Professional practice attributes within public health nursing : a thesis presented in partial fulfilment of the requirements for the degree of Master of Philosophy in Nursing at Massey University
Open Access Location
Modifiable organisational attributes that reflect a professional nursing practice environment are important determinants of both the experience of people who access health care services and the job satisfaction of nurses who work within health care organisations. Research relating to acute care settings, commonly known as the Magnet phenomenon has made an outstanding contribution to health sector knowledge by identifying features that attract and retain nurses, promote excellence in patient care, and achieve superior patient outcomes. These features have been studied by the Nursing Work Index Revised which measures attributes that reflect a professional nursing practice environment. More recently there has been an interest in the potential applicability of these attributes in the community setting. A recent study surveyed United States home health nurses and New Zealand district nurses to ascertain which of the Nursing Work Index Revised attributes were perceived by them as important to the support of their professional practice. In this study 92% of items previously tested in acute settings were considered important in community settings. This descriptive study extends the previous work by investigating how another group of primary health care nurses in New Zealand (public health nurses) perceive the importance of specific organisational attributes within their practice setting. The Nursing Work Index Revised was utilised and participants were asked to rate their agreement or disagreement with the importance and presence of 48 attributes on the Nursing Work Index Revised against a 4-point Likert scale. The findings of the study validate the use of the Nursing Work Index Revised as a tool in the community setting. The study's findings, implications for nursing practice, future research and the potential use of this tool to support the development of primary health care nursing in the New Zealand health sector is presented.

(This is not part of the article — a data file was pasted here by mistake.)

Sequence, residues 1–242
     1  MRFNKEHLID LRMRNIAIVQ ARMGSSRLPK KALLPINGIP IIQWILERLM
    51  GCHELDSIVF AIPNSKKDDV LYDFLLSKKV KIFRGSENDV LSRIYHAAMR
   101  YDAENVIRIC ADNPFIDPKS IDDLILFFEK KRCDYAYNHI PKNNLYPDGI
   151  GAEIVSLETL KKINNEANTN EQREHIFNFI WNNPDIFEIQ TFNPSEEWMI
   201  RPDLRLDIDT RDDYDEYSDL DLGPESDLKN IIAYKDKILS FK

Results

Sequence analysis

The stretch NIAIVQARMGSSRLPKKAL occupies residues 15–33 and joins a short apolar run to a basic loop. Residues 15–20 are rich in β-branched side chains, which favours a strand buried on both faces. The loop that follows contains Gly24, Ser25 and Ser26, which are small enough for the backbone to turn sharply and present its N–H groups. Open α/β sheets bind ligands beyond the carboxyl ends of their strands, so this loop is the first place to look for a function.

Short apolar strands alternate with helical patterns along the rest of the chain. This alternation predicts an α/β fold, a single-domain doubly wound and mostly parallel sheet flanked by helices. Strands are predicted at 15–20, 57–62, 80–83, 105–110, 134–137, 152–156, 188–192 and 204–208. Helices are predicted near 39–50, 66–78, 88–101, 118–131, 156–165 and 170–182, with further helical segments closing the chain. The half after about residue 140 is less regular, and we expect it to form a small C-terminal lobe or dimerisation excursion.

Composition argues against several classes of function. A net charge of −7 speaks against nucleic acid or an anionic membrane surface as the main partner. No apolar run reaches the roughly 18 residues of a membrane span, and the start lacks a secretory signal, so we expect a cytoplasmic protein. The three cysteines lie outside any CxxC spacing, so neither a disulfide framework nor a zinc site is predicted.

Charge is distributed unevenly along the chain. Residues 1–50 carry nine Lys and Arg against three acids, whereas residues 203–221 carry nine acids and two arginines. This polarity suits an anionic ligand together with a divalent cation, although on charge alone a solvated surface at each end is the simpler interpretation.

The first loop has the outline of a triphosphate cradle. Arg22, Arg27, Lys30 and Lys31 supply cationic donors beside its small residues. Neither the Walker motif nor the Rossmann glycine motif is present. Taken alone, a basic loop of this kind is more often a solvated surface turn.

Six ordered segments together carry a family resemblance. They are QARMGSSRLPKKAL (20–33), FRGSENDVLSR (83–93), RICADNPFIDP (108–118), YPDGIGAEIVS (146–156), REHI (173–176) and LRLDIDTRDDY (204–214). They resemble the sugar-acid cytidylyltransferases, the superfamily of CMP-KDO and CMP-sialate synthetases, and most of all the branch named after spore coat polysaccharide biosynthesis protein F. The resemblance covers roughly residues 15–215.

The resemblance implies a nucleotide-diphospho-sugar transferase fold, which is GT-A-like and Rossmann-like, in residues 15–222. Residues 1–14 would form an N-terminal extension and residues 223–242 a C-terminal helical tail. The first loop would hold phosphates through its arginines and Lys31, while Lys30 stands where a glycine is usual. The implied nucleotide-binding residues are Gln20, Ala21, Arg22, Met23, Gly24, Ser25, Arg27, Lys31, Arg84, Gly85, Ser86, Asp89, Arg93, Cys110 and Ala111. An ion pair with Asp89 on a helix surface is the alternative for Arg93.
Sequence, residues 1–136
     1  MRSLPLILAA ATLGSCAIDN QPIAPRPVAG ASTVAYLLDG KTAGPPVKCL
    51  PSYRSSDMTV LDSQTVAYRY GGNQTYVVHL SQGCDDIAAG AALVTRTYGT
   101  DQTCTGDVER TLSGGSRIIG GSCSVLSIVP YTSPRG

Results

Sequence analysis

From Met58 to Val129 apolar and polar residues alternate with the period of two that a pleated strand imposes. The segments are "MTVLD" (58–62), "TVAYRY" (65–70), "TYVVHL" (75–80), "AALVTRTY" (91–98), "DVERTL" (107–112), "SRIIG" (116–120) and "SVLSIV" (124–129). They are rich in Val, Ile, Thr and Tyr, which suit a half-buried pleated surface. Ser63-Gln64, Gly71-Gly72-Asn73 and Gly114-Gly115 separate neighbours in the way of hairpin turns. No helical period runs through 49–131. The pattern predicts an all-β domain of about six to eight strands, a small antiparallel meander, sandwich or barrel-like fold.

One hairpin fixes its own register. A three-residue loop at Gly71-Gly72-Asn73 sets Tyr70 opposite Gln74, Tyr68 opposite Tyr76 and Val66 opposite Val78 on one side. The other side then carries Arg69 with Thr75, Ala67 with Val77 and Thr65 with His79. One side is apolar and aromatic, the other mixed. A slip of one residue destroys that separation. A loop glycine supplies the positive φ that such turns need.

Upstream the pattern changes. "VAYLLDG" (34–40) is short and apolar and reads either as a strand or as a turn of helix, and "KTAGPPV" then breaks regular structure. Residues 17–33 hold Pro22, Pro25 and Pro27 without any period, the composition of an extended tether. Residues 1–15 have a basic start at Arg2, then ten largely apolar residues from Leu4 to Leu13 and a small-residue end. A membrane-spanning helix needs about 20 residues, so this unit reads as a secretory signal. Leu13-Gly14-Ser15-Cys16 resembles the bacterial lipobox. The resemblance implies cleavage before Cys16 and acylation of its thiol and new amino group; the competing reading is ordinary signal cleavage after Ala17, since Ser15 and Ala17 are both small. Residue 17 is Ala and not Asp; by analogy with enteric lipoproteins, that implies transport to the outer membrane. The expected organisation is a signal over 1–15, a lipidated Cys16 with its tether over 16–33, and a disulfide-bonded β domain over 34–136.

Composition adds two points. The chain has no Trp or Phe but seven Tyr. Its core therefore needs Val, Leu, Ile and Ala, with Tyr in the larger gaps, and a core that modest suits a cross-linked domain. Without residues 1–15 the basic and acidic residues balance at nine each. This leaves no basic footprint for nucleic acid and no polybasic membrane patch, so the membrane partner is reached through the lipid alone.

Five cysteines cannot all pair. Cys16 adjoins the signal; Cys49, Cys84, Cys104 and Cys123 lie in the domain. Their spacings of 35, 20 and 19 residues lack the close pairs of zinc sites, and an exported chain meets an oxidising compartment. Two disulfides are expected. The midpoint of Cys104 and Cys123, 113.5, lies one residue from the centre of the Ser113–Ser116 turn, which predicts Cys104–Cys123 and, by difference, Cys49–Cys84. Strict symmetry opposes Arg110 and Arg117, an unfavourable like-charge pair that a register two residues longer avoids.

New Zealand, Public health nursing